Matter of Seacord v Seacord
2011 NY Slip Op 01084 [81 AD3d 1101]
February 17, 2011
Appellate Division, Third Department
Published by New York State Law Reporting Bureau pursuant to Judiciary Law § 431.
As corrected through Wednesday, March 30, 2011

In the Matter of Sue I. Seacord, Respondent, v Neal A. Seacord, Appellant. (And Another Related Proceeding).

[*1] Margaret McCarthy, Ithaca, for appellant.

Reginald H. Bedell, Elizabethtown, for respondent.

Omshanti Parnes, Plattsburgh, attorney for the children.

Spain, J. Appeal from an order of the Family Court of Essex County (Meyer, J.), entered December 30, 2009, which, among other things, granted petitioner's application, in two proceedings pursuant to Family Ct Act article 6, to modify a prior order of custody.

In 2005, after the parties separated, they were awarded—by order entered in Franklin County upon their consent—joint custody of their two daughters (born in 1996 and 1997), with petitioner (hereinafter the mother) having primary physical custody and respondent (hereinafter the father) having liberal visitation. Thereafter, by order entered in 2008 in Essex County, the parties consented to a modification of the 2005 custody order specifying detailed custodial and visitation times and directing, among other things, that each party shall "follow all recommendations of treatment providers regarding the health care of the children" and that "[n]either party shall interfere with the children's educational curricula, programs or activities, unless mutually agreed in writing" and that, except as modified within this order, the provisions [*2]of the 2005 order "shall remain in full force and effect."[FN*]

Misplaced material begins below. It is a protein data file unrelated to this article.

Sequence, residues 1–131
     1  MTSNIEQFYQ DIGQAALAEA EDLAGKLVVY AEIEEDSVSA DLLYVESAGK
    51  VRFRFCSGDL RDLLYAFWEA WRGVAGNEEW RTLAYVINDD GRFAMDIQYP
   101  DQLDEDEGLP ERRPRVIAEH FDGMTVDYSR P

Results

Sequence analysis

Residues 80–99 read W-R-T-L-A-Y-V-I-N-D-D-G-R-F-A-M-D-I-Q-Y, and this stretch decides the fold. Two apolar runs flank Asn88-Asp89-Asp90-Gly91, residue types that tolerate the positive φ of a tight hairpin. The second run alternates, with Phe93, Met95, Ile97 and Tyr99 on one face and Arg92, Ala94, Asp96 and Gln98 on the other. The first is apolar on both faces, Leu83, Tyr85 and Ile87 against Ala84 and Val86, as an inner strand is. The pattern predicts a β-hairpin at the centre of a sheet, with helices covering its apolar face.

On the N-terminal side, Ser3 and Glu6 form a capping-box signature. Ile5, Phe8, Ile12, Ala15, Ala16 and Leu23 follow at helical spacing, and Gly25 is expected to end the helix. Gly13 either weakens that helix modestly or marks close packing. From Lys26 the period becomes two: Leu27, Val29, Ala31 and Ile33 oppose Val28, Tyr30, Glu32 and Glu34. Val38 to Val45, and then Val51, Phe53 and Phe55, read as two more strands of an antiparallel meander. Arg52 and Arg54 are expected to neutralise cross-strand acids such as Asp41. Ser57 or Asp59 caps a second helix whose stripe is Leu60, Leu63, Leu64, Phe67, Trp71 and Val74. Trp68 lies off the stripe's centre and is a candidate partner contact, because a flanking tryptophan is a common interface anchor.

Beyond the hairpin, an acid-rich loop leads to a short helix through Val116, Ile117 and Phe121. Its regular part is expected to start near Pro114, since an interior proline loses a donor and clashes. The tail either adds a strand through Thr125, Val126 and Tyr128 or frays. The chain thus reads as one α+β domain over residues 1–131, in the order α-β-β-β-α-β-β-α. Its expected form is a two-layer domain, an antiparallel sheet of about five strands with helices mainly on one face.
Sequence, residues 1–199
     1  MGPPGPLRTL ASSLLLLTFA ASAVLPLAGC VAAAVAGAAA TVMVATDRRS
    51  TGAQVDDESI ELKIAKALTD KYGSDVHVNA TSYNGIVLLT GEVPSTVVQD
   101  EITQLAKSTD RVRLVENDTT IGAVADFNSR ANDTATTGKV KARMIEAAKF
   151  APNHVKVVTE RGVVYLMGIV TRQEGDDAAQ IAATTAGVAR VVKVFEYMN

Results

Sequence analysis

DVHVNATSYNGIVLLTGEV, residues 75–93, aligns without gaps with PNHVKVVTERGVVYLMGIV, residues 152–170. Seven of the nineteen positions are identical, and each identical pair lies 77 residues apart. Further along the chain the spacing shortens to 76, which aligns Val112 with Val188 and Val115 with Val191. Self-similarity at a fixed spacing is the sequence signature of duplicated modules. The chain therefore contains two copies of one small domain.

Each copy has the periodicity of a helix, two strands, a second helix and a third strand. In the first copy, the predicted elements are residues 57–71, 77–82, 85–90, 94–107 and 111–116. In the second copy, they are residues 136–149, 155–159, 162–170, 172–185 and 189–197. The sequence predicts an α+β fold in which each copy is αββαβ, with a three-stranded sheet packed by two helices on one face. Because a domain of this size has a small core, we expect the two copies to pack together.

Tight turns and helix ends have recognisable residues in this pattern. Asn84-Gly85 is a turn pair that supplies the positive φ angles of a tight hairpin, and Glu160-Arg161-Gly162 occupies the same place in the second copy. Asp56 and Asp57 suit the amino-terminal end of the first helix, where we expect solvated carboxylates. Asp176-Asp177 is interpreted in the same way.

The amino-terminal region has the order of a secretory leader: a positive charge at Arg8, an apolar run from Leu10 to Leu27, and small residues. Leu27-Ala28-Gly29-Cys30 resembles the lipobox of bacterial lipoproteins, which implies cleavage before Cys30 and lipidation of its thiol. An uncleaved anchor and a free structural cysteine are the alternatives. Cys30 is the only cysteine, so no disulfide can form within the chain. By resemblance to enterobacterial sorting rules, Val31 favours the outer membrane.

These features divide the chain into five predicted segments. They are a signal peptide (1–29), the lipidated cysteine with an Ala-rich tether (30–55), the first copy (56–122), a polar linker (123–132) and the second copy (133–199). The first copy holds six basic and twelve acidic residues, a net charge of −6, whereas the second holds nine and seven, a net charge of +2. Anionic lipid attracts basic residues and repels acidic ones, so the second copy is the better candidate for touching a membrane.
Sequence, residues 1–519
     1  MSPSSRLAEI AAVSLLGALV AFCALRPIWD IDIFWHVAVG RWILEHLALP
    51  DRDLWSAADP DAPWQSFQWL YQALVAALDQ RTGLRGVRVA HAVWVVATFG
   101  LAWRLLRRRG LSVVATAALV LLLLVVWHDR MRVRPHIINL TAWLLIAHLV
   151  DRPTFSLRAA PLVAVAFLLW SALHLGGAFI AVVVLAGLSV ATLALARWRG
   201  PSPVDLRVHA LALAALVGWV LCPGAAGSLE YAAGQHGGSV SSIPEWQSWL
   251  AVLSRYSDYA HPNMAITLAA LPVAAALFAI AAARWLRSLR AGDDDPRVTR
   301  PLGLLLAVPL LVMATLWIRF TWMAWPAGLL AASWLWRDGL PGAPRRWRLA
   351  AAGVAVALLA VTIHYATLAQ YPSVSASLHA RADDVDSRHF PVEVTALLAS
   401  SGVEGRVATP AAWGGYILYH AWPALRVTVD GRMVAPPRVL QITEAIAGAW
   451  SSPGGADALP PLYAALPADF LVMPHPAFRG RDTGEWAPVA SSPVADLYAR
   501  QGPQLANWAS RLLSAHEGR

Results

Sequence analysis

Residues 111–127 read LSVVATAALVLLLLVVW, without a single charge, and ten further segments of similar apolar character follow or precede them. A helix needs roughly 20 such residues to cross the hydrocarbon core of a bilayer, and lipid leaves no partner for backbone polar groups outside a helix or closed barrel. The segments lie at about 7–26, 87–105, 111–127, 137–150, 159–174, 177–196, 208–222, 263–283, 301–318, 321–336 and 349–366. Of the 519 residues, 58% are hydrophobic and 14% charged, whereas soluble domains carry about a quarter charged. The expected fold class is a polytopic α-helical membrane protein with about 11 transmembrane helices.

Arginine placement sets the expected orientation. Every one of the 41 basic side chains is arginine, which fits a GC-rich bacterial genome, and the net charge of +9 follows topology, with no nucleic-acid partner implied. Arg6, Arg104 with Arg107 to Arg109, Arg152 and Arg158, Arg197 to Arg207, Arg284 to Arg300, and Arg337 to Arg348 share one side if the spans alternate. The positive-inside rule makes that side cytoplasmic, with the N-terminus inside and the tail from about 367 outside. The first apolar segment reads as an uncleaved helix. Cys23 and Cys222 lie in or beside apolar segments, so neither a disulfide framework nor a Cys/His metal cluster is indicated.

In June 2009, after the father refused to consent to recommended orthodontic treatment for the oldest child, the mother commenced the first of these proceedings seeking a modification of the prior order of custody alleging that she should be allowed to make healthcare decisions without the father's approval. Thereafter, the mother filed a second petition alleging the father's willful violation of the custody order by, among other things, interfering with the children's education and healthcare treatment as well as the mother's custodial time. She also filed an amended petition for modification seeking sole physical and legal custody of both children alleging that the relationship between the parties had deteriorated to such point that joint custody was no longer feasible. Following a fact-finding hearing, including a Lincoln hearing with the children, Family Court found that the father had willfully violated the prior custody order and awarded sole custody to the mother, subject to specific, liberal parenting time to the father. The father now appeals.

" 'To sustain a finding of civil contempt based upon a violation of a court order, it is necessary to establish that a lawful court order clearly expressing an unequivocal mandate was in effect and that the person alleged to have violated that order had actual knowledge of its terms' " (Labanowski v Labanowski, 4 AD3d 690, 694 [2004], quoting Graham v Graham, 152 AD2d 653, 654 [1989]; accord Matter of Gonzalez v Hunter, 50 AD3d 1262, 1264 [2008]). Moreover, "[a] willful violation of a Family Court order must be established by clear and convincing evidence" (Matter of Cobane v Cobane, 57 AD3d 1320, 1322-1323 [2008], lv denied 12 NY3d 706 [2009]; see Matter of Blaize F., 48 AD3d 1007, 1008 [2008]). Here, the record fully supports Family Court's finding that the father willfully violated the 2008 order when he unjustifiably interfered with his children's Catholic school education by, among other things: refusing to consent to the youngest daughter's participation in a long planned school-sponsored field trip to Boston; purposely keeping—at the last minute—said youngest daughter from the single performance school play in which she had a role, taking the children instead to visit his friend; preventing that same child from reading certain books assigned pursuant to a diocese approved curriculum; and calculatedly keeping the oldest daughter from her sixth-grade graduation ceremony until it was more than half over. Additionally, despite his admitted awareness of the terms of the 2008 order, the father refused to consent to the children's recommended and necessary orthodontic treatment and to the administration to the oldest daughter of a vaccination intended to prevent cervical cancer recommended by her pediatrician, and refused, despite the specific order to do so, to return the children to the mother's custody on the second Saturday of their 2009 spring break.